Another Jesuit, Fr. Peter Milward, reacted to Peter Singer's article as follows. As his reaction has not been published anywhere, I shall present the whole of it as he submitted it to me.
Why is there suffering?
May 20 2008
On reading the article of Peter Singer about the existence of suffering (in Japan Times, May 18), I had the feeling of what the French call déjà vu, and what the English call “old hat”. The arguments he trots out are as old as Epicurus (in Greek) and Lucretius (in Latin), and he may find them answered (in English) in Sir Philip Sidney’s Arcadia (1590) and Alexander Pope’s Essay on Man (1734). It was no doubt after considering such arguments that the psalmist repeated his impression that “The fool has said in his heart, There is no god.” It was, however, the author of the Book of Job – as Singer himself recalls, though he puts the answer into the mouth of Dinesh D’Souza – who undertook to answer the fool.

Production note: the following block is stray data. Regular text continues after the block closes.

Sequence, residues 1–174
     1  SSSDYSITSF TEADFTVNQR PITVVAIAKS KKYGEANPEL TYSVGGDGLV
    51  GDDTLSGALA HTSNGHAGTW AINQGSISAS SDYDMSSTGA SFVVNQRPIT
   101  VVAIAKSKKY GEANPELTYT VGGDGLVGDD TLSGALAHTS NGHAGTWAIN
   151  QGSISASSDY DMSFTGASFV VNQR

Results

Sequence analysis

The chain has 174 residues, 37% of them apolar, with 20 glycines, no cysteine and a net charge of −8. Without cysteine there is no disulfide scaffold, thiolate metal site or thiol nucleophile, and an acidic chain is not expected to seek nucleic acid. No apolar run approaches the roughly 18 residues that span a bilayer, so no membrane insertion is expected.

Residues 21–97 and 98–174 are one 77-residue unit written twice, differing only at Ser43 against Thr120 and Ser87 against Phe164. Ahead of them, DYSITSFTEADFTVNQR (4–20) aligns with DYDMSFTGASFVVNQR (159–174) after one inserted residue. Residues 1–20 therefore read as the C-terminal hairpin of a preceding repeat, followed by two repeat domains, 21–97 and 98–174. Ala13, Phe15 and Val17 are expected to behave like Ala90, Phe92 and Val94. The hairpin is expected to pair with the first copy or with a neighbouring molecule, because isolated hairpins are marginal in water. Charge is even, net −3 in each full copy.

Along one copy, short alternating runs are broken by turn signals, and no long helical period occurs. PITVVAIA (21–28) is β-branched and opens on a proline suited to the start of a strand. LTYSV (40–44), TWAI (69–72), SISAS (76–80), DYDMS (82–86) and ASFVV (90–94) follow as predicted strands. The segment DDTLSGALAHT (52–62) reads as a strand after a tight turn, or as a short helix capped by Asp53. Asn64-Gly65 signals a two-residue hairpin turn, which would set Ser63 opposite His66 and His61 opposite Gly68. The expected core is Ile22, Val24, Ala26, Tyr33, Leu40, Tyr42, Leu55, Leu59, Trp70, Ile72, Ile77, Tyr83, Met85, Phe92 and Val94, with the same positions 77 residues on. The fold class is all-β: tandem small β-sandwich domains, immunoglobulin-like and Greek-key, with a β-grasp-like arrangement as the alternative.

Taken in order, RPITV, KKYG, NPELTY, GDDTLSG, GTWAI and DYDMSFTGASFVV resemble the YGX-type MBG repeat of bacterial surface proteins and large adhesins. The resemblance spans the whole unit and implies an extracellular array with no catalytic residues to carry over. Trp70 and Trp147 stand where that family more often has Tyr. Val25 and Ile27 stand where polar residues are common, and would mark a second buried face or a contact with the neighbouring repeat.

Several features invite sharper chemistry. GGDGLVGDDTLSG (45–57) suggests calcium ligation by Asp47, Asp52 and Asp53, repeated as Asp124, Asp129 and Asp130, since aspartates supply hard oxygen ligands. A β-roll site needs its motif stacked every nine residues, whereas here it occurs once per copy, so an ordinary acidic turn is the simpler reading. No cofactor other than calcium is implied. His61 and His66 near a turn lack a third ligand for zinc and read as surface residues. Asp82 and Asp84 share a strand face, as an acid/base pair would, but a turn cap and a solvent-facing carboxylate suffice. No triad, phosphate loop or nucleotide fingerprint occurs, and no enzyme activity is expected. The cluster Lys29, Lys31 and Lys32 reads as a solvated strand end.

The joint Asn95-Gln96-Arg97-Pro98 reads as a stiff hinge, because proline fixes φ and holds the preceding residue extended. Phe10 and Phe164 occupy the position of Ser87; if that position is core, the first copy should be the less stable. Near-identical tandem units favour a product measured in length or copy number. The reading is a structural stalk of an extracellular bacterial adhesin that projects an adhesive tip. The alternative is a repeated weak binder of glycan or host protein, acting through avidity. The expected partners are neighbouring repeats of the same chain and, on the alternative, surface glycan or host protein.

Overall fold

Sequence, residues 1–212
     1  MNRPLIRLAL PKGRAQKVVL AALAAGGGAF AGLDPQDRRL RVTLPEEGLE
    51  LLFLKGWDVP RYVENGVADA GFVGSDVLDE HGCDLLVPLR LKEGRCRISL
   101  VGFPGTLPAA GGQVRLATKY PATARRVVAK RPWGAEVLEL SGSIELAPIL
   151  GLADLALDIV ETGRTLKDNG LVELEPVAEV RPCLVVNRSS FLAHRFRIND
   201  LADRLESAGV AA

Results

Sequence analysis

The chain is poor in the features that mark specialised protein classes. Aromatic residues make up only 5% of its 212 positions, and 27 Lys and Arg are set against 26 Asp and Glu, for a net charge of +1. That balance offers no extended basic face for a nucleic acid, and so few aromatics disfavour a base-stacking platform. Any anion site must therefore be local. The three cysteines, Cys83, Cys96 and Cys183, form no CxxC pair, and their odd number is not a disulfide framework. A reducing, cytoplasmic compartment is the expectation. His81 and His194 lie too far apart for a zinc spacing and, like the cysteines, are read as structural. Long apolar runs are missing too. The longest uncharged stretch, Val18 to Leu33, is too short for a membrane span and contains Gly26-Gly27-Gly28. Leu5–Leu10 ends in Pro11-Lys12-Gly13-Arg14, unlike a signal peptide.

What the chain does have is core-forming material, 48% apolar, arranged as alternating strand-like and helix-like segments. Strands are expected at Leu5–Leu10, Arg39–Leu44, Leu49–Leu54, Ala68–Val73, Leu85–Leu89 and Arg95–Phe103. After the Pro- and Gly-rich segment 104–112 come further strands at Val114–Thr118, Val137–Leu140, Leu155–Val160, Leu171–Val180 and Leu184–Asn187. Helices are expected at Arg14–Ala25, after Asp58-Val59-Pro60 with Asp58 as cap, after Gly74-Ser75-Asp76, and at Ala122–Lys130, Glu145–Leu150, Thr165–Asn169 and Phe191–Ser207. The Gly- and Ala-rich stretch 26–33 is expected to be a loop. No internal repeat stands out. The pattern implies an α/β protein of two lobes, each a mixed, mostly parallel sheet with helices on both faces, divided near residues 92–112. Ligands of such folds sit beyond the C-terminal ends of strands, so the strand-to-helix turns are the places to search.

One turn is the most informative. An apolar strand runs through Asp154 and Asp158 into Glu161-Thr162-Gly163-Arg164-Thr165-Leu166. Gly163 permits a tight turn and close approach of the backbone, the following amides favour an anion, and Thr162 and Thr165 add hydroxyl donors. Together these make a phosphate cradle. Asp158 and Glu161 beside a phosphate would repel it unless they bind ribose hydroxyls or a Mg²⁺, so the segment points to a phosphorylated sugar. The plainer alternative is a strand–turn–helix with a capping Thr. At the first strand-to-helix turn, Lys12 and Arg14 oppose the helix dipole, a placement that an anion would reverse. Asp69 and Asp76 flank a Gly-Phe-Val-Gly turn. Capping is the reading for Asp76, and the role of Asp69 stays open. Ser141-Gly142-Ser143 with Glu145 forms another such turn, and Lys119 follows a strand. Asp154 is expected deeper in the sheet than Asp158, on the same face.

In the Book of Job the answer is put into the mouth of God himself, and interestingly the answer is no answer. The God of Job, in his wisdom, does not undertake to answer the unanswerable, or to solve the insoluble. If the problem of suffering goes back into the dim mists of antiquity, and if it is still echoed by atheists like Singer and Dawkins, it is simply because no one has succeeded in giving it a satisfactory solution. Yet the majority of human beings – not only Christians, let me remind Singer – have always believed either in one God or at least in many gods, and for them this has always been an important object of their prayers. At the same time, while praying, they have to admit their insufficient knowledge of the universe which God impresses on Job in answer to his question. If we knew everything, we might know the answer to this question, but we don’t know everything – not even Dawkins or Singer know everything – and so we have to be content, like Newton in his famous saying about a boy playing on the seashore, with our ignorance.